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I would like to take this opportunity to share with you a summary of the DCT activities for the last 12 months. Outside of a couple of  small incidental donations to local community initiatives in the Rotorua region, the main recipients were as follows.



  • Outward Bound is the main recipient of funds, across the Hirenga Course for year 12 students from low decile schools, and also through  the inaugural Para-athlete course that was held in February 2024.
  • Outward Bound continue their commitment to ensuring that the OB experience is available to  participants from all demographics and ethnicities. Search for premises in the Coromandel area to cater to the large NI population area continues, and the relocation of the OB head Office from Wellington to Auckland has enabled consistent and ongoing access to the all important donor and grant platforms.
  • Anakiwa continues to be the flagship for the OB experience in NZ, offering not only the traditional classic three week courses, but a raft of other opportunities that cater to many . Here is a link to the website that showcases many of the different courses currently available. https://www.outwardbound.co.nz/courses/course-finder/



  • I was privileged to visit Arusha for the first time in over four years in September, 2023. It was heartening to see the real sense of ‘Family’ around the ACE community, after 14 years in operation, with many of the graduated and self sustaining pupils still keeping regular contact with Blandina, Tusime, and other graduated and current students.
  • The programme is now in wind down stage, which means the fulfilment of education possibilities for those still in the programme, but without taking on any new participants. This will continue over the next 5 year period. The report attached has more specific details. The dedication of Blandina (now part-time) to ensure the well being of ACE students continues to be a vital contributor to the success of the programme.




  • The Wheelchair Rugby Community is a good example of how sport can build connections, no matter the community, ability, or disability. The culture within this community is humbling, across all the volunteers (referees, officials, administration etc) to the participants themselves, all of whom have a considerable story or life experience as to why they are in a chair. The opportunity also for peripheral community spirit and connection amongst family, friends and supporters fits in well with the DCT ethos of equal opportunity for all.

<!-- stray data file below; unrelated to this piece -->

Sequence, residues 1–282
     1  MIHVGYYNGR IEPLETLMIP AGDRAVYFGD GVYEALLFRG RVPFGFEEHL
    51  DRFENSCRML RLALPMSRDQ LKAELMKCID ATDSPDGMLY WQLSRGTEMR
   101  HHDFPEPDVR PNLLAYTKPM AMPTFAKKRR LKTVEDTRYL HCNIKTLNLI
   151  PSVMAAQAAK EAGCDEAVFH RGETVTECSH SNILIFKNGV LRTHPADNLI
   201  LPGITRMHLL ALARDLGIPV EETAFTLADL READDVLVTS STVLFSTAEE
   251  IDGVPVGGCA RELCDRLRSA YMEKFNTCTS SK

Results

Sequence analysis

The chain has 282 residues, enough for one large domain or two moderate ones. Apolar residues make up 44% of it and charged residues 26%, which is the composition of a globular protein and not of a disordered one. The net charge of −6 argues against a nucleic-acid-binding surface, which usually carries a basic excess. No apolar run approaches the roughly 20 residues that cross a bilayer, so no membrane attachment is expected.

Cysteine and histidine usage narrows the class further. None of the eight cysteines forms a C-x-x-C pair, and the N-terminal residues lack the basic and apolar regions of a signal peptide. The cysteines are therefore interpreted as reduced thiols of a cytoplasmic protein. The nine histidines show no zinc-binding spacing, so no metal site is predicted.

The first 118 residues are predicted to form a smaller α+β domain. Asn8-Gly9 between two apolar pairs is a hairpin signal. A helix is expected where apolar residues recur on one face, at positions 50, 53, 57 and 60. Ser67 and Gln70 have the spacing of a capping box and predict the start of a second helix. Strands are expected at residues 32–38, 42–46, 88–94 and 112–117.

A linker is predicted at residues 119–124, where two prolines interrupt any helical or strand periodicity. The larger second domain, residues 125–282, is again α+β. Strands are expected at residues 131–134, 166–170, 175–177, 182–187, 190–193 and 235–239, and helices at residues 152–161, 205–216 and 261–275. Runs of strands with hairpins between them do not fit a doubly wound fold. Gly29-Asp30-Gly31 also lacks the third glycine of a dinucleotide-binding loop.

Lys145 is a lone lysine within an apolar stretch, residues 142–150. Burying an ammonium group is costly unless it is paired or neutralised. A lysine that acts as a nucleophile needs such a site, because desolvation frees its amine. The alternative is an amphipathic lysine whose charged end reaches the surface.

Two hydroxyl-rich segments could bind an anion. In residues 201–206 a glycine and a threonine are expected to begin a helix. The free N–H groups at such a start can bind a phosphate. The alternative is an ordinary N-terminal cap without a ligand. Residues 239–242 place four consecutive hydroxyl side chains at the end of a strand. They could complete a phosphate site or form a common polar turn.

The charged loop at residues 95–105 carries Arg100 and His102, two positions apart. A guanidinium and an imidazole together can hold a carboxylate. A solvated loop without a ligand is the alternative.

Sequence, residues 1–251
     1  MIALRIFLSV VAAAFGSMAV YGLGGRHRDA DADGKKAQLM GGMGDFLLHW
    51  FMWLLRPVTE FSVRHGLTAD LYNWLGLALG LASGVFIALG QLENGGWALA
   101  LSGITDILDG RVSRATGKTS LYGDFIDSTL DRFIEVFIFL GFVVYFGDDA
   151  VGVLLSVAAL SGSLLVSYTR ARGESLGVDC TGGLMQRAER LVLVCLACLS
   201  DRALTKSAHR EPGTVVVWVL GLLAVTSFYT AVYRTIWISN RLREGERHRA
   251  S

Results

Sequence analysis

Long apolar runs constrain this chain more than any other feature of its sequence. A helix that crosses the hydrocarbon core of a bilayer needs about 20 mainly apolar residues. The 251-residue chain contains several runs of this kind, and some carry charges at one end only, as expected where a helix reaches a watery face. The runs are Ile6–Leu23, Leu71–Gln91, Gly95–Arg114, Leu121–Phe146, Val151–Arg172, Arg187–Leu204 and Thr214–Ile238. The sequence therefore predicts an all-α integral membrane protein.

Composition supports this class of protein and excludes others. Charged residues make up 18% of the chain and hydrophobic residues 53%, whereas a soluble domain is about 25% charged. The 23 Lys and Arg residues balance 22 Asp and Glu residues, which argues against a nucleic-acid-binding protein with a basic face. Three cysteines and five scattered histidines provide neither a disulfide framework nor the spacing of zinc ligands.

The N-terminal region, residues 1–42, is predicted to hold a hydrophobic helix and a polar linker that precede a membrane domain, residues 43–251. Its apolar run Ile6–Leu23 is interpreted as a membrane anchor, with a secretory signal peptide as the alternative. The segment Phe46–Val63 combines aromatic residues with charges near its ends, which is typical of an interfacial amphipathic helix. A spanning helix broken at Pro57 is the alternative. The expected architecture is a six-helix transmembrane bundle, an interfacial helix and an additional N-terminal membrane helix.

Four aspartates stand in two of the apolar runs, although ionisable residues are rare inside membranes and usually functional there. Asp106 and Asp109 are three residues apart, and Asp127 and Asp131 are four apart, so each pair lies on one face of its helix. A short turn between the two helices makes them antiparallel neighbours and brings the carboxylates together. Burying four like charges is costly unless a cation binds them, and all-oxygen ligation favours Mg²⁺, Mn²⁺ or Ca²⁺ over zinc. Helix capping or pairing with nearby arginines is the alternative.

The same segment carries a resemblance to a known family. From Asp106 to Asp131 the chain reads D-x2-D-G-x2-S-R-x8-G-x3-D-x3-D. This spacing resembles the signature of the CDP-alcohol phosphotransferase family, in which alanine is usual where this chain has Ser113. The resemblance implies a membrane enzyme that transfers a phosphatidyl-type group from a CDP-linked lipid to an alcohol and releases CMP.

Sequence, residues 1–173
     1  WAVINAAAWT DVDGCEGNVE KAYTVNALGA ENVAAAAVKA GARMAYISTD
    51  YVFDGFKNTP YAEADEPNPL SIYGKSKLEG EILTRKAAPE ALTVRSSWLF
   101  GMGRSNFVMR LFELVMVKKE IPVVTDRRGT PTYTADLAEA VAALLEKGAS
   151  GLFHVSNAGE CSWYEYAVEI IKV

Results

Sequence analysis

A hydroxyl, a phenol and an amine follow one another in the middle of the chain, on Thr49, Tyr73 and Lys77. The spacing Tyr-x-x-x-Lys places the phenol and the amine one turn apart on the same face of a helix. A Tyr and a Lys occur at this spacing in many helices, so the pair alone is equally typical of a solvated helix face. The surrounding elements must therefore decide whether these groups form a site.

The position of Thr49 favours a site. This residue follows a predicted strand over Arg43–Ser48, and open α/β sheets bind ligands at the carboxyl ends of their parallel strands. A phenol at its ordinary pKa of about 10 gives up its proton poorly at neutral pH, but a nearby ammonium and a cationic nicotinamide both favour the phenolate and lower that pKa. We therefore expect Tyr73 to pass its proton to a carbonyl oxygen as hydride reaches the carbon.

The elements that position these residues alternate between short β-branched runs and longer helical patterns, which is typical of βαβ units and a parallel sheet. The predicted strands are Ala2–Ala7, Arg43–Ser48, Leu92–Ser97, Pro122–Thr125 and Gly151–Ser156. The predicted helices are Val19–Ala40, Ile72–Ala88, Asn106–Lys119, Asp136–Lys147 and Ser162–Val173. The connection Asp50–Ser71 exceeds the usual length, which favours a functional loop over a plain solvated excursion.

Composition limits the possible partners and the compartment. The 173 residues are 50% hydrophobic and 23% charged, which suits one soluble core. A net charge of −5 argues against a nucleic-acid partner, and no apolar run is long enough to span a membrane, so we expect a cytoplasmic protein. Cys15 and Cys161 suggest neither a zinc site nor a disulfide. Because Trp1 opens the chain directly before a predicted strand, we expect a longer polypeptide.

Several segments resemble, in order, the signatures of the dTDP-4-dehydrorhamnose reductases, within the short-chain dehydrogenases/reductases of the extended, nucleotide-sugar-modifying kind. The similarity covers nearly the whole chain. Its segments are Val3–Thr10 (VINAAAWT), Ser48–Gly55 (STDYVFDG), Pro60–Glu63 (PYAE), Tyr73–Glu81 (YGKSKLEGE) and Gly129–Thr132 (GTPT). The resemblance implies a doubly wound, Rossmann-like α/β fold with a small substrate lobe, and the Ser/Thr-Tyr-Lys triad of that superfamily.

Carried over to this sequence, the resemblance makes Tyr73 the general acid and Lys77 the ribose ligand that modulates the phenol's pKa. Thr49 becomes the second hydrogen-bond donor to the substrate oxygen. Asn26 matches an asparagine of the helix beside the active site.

• DCT has been involved in the support of Wheelchair Rugby through two main areas for the Wheel Blacks – the NZ representative side for NZWCR.
    • Provision of Video analysis equipment – this has enabled detailed analysis of games post match, along with the ability to study closely other teams, and best options for game strategy.
    • Cultural Expansion – DCT provided the services of a specialist cultural advisor to work with the Wheelblacks team around the significance of the HAKA, and what it means to each individual to be a part of the NZ representative side. The cohesion and depth of camaraderie that this brought to the team has been substantial, and all involved from Coaches, Managers, Carers and players, have advised that the two sessions held were extremely beneficial.



  • Surfers Healing is an initiative originally set up in the USA – you can read the history here. https://www.surfershealing.org/
  • DCT has been the main funder for the NZ event (run independently) for the last two years.
  • Held at Mt Maunganui, the event is a marvellous showcase for the difference that a few dedicated people can make to individuals and communities, at a fractional cost.
  • Approximately  12 volunteer world class surfers (who come from Hawaii and USA at their own expense) volunteer their time to take 50-60 children with autism surfing, with  many others helping both on the beach and in the water. DCT provides accom, food and logistics for the event, for a cost of 5k.
  • Other than the pure joy for the children, for whom the day is a highlight in their year, seeing families connecting on the beach with other families facing similar challenges, and then continuing those connections outside of the day, once again provides so much more to a community than just the physical or monetary support.